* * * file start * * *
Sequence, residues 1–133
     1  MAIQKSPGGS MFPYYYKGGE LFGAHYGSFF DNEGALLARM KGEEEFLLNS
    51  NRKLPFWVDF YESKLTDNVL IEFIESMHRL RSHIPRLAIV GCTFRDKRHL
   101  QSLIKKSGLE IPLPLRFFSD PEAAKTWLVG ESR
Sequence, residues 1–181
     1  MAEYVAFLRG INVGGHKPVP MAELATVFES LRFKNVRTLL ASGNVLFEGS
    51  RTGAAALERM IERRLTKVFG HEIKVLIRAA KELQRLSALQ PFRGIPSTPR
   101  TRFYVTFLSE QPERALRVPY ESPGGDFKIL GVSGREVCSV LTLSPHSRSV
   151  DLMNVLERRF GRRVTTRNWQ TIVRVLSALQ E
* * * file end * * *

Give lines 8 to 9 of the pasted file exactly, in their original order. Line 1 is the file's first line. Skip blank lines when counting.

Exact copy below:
   101  TRFYVTFLSE QPERALRVPY ESPGGDFKIL GVSGREVCSV LTLSPHSRSV
   151  DLMNVLERRF GRRVTTRNWQ TIVRVLSALQ E